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International Space Station Oxygen Generator Working Again.

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oxygen system.
International Space Station repairs malfunctioning oxygen system.

The crew of the International Space Station have successfully repaired a malfunctioning oxygen system that broke nearly two weeks ago. Commander Gennady Padalka and Science Officer Mike Fincke replaced the Russian-built Elektron system's liquids unit with a part rebuilt from scavenged components. They also got some incredible views of Hurricane Ivan as it swept underneath the station on its way to ravage the US' Gulf Coast.

Almost two weeks of troubleshooting apparently paid off today for the Expedition 9 crew as they restored an onboard oxygen generating unit to operation.

Work with the Elektron unit, a device that recycles waste water into oxygen, was one of several maintenance activities completed by Commander Gennady Padalka and NASA Science Officer Mike Fincke this week.

With guidance from Russian ground controllers, Padalka had replaced the Elekron's liquids unit with one he had refurbished last week using spare components. The Elektron is operating without a gas analyzer that was removed during troubleshooting. The absence of the gas analyzer does not affect the Elekron's ability to generate oxygen, although it may mean the crew will be required to more closely monitor the unit's operations. Ground controllers requested the Elektron be turned off before the crew goes to sleep tonight to allow data gathered during its operations to be evaluated.

The crew flushed and cleaned several of the Elektron's lines earlier in the week, as well as cleaning a mounting plate and removing the gas analyzer.

While the Elektron was off, the Station atmosphere was repressurized Wednesday using oxygen from the Progress supply craft docked to the complex. The Station has a supply of oxygen available in its own tanks, the Progress tanks, and oxygen-generating candles that could be used for many months if it were needed.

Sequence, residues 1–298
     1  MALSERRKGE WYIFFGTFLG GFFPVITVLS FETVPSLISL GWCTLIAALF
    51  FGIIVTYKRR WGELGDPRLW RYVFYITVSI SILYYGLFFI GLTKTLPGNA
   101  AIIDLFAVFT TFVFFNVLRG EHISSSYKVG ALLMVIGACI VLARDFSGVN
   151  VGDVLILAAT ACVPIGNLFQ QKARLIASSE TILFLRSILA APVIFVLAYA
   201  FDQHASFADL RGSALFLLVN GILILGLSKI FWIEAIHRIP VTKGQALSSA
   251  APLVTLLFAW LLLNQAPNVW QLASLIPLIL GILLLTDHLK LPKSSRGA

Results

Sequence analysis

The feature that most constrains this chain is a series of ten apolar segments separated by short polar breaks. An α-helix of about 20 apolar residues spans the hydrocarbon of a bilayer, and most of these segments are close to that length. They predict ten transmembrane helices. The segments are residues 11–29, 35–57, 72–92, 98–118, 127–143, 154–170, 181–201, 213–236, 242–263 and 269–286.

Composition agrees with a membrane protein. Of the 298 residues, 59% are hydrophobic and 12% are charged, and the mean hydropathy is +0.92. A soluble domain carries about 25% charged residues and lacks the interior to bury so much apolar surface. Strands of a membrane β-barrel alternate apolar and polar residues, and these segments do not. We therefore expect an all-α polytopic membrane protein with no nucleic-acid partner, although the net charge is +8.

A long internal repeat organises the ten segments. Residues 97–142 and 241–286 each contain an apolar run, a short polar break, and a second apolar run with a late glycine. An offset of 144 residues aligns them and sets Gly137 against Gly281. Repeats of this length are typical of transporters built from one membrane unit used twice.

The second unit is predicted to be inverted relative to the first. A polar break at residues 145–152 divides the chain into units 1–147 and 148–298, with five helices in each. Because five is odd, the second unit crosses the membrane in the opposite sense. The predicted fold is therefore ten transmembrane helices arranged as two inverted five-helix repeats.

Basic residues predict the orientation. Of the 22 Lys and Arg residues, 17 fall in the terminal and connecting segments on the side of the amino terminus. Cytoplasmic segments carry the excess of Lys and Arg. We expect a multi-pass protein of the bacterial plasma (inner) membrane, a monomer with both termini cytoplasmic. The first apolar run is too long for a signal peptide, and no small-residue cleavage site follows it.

Meanwhile, Fincke replaced a flex hose that is used to vent an area between panes of the window in the U.S. Destiny Lab. After depressurizing the window's inner panes, he replaced the hose and installed a protective cover. The previous hose had been damaged and allowed air to leak into the area.

The crew has begun some preparations for their trip home next month. This week, they tested the UHF and VHF communication systems of the Soyuz spacecraft that will carry them back to Earth. The communication checks were done with NASA ground stations at the White Sands Test Facility, the Dryden Flight Research Center and with the Wallops Flight Facility, allowing NASA sites to be used to supplement primary Russian ground communications sites. Fincke also used a camcorder to survey all external U.S. hardware visible from the Station windows. The video has been downlinked to the ground for engineers to assess the hardware's condition. Science activities for the crew included work with the Advanced Diagnostic Ultrasound in Microgravity experiment. Assisted by experts on the ground, they conducted body scans with the equipment to practice the procedures. They also continued providing information for the Interactions investigation, a computer-based survey that helps investigators study the interpersonal relations between crewmembers and ground control teams during long spaceflights.

From their altitude of more than 220 miles, Fincke captured spectacular views of Hurricane Ivan as it traversed the Caribbean and made landfall on the U.S. Gulf Coast. Those images can be accessed online at:


For information on the crew's activities aboard the Space Station, future launch dates, as well as a list of opportunities to see the Station from anywhere on the Earth, visit: http://spaceflight.nasa.gov/

For details on Station science operations provided by the Payload Operations Center at NASA's Marshall Space Flight Center in Huntsville, Ala., visit:


The next ISS status report will be issued on Friday, Sept. 24 or earlier, if events warrant.

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